Much has happened since I covered my first Academy Awards, on March 15, 1934. It was my first Academy Awards night when I gave the gold statuette a name. I wasn’t trying to make it legitimate. The snobbery of that particular Academy Award annoyed me. I wanted to make the gold statuette human. I had witnessed the proper table bit for the first time. I returned to my table to eat the chicken, now cold. I listened to the long speeches by the Academy president and leaders of the industry. I listened to the acceptance speeches I had heard at the prop banquet table, now spoken with false surprise. The best actor, Charles Laughton (Henry VII), and the best actress, Katharine Hepburn (Morning Glory), weren’t present. The people who accepted for them took advantage of the opportunity. It was twelve thirty when I finally arrived at the Western Union office on Wilcox to write and file my story. I had listened to Academy, industry, and acceptance talk since seven-thirty. Raymond Chandler described the Academy Awards as “the motion picture industry’s frantic desire to kiss itself on the back of the neck.” There I was with my notes, a typewriter, blank paper, and that Chandler feeling. I’m not a good speller, and I didn’t have my dictionary with me. When it came to write gold statuette, I had to get up and ask the Western Union (Pg. 68—ed.) manager how to spell statuette. His spelling of the word lasted for a page. After I had filed the page and couldn’t refer to it for the spelling of statuette, I had to walk over and ask the manager again. The word “statuette” really threw me. Freud would explain that I resented the word and didn’t want to know how to spell it. You know how people can rub you the wrong way. The word was a crowd of people. I’d show them, acting so high and mighty about their prize. I’d give it a name. A name that would erase their phony dignity. I needed the magic name fast. But fast! I remembered the vaudeville shows I’d seen. The comedians having fun with the orchestra leader in the pit would say, “Will you have a cigar, Oscar?” The orchestra leader reached for it; the comedians backed away, making a comical remark. The audience laughed at Oscar. I started hitting the keys. “Katharine Hepburn won the Oscar for her performance as Eva Lovelace in Morning Glory, her third Hollywood film.” I felt better. I was having fun. I filed and forgot.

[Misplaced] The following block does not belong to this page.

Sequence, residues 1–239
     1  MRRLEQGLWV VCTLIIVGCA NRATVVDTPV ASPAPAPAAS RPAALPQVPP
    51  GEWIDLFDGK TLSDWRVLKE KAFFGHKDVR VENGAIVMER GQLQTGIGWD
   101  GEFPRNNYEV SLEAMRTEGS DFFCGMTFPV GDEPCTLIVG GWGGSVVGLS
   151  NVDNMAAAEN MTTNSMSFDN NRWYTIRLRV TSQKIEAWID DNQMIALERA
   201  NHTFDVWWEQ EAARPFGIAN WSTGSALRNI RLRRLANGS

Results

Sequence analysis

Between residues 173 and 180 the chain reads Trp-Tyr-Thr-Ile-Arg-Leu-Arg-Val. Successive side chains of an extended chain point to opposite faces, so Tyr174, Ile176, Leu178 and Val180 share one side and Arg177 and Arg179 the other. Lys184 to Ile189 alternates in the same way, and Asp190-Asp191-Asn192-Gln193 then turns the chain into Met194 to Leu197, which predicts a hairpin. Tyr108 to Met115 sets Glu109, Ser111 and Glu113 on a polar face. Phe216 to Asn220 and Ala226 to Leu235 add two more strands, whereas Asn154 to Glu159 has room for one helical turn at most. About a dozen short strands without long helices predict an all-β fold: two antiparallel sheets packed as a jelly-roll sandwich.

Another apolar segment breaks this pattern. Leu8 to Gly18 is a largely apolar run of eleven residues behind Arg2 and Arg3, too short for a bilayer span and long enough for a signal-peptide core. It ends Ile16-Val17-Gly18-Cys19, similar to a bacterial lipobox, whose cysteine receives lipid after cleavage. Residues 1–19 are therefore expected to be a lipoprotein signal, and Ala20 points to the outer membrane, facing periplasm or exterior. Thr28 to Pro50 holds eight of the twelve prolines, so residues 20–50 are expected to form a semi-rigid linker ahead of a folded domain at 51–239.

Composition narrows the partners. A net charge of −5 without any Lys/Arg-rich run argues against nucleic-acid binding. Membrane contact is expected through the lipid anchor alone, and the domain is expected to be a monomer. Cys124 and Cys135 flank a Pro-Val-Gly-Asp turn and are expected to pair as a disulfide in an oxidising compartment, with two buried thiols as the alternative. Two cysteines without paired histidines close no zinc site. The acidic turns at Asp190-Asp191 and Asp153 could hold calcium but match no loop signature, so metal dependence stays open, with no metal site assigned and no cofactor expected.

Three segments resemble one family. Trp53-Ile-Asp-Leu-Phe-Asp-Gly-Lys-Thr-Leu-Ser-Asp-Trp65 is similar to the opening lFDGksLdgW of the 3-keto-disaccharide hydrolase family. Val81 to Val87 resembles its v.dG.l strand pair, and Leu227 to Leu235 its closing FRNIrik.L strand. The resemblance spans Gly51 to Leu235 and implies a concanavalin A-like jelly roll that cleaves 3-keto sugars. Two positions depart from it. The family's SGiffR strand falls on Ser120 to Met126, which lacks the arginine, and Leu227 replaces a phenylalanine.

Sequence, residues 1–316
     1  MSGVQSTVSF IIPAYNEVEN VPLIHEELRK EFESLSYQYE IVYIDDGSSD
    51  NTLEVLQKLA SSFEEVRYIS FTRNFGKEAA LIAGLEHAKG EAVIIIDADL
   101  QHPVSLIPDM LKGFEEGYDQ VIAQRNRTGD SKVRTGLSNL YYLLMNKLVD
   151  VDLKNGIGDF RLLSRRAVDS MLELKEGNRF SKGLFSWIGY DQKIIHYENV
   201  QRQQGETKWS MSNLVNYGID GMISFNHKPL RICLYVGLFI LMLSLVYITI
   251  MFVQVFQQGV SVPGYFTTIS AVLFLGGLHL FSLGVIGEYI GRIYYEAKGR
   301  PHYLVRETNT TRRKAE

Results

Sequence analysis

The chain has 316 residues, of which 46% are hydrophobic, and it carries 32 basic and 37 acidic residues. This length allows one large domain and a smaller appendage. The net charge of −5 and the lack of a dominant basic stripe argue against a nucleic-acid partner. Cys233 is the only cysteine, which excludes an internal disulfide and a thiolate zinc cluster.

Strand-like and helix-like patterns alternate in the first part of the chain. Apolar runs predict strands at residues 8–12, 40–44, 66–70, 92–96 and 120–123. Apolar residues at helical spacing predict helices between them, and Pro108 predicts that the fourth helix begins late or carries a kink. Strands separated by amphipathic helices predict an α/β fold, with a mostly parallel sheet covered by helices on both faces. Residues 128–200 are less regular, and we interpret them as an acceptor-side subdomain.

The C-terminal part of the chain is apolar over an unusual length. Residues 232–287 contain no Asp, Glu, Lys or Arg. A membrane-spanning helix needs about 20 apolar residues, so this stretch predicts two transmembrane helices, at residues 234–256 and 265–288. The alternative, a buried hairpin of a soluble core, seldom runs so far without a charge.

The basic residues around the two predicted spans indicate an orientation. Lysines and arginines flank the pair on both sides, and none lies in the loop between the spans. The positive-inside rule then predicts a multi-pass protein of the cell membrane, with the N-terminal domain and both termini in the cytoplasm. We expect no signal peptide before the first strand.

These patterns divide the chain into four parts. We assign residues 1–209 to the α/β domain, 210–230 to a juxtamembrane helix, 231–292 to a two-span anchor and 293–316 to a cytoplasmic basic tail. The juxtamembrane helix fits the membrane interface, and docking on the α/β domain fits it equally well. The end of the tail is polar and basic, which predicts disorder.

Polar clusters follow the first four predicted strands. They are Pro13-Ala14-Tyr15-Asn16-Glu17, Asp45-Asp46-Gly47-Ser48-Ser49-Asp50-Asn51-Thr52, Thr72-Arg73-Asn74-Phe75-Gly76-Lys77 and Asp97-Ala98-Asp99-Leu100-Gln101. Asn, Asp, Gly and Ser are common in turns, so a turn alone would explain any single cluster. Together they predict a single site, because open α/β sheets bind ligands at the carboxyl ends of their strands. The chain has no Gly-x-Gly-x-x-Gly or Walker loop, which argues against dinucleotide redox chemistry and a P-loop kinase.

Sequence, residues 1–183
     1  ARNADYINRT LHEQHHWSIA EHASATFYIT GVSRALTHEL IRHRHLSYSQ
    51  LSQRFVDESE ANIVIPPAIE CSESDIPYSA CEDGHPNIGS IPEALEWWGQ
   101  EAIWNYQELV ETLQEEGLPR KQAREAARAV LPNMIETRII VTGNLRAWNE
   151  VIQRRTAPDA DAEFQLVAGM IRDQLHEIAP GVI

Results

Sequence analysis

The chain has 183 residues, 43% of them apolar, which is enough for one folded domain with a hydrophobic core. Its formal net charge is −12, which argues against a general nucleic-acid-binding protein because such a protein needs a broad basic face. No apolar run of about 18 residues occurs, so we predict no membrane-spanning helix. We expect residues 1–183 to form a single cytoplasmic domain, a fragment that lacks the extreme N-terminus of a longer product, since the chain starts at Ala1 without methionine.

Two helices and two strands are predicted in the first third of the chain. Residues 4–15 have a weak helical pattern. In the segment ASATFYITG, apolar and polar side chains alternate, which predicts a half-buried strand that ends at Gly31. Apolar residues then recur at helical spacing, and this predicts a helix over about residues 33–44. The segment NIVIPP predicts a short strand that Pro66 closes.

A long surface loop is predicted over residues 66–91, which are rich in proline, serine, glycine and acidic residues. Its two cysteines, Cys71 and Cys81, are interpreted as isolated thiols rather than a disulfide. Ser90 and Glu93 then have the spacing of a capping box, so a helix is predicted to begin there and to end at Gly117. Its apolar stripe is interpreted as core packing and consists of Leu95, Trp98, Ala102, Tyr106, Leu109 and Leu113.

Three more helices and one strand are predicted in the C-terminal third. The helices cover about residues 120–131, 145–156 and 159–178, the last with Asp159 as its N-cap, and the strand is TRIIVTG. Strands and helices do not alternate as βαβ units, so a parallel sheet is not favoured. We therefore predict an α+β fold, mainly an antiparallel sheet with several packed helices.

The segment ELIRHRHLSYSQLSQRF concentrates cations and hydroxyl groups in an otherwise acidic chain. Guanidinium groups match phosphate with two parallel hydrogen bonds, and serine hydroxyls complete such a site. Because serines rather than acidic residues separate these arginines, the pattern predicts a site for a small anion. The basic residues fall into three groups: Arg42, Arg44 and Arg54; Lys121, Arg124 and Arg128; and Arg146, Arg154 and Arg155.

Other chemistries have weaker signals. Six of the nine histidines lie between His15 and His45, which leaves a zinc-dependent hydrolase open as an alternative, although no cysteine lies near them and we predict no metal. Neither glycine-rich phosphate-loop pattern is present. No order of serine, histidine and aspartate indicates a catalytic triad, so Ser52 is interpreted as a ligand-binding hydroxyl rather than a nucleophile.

During the next year of columns, whenever referring to the Academy Award, I used the word “Oscar.” In a few years Oscar was the accepted name. It proved to be the magic name.
I didn’t give it another thought until reading that two women, Bette Davis and Margaret Herrick (executive director of the Academy), claimed they had named the gold statuette Oscar. Bette’s claim was that she had named her first award after her first husband, H. Oscar Nelson. Margaret’s claim was she had named the statuette after her uncle, Oscar Pierce, because the golden boy resembled her uncle, “a Texas wheat farmer of dignity, austerity, and commanding authority.”
I don’t like to argue with women, especially when they’re talented and friends. I registered my complaint and staked my claim. About the time of her third marriage, Bette Davis realized that although she received her first Oscar statuette for her 1935 film Dangerous, she really didn’t get the award until 1936. Thus, she had christened the statuette two years after my story appeared in the New York Daily News. Betty relinquished her claim as gracefully as she relinquished H. Oscar Nelson.
Margaret Herrick still persists, in a friendly manner. I have yet to see a photograph of Uncle Oscar Pierce. I’ve told MargaretI’d buy her Rudolph Valentino’s Falcon Lair or seal all her envelopes for a year if she can show me the gold statuette referred to as Oscar in print before March 16, 1934. To date, I don’t have to save to buy Falcon’s Lair or worry about selling her letters.
Don’t get me wrong—I love Hollywood
by Sidney Skolsky
New York, NY: G. P. Putnam’s Sons
Whether it was, as I believe, Skolsky, who named the statuette or Herrick or Davis or Lilleberg, I doubt that any one of them could imagine the amount of impact that the Academy recognition would have for years to come. The award was named Oscar years before the ceremony was broadcast on television; this year, the Oscars will be broadcast to more than 200 countries and an expected audience of over 40 million people. I may never win an Oscar for my work in the entertainment industry, but if I do, I will certainly offer Oscar a cigar, and in fact, I’ll smoke one with him.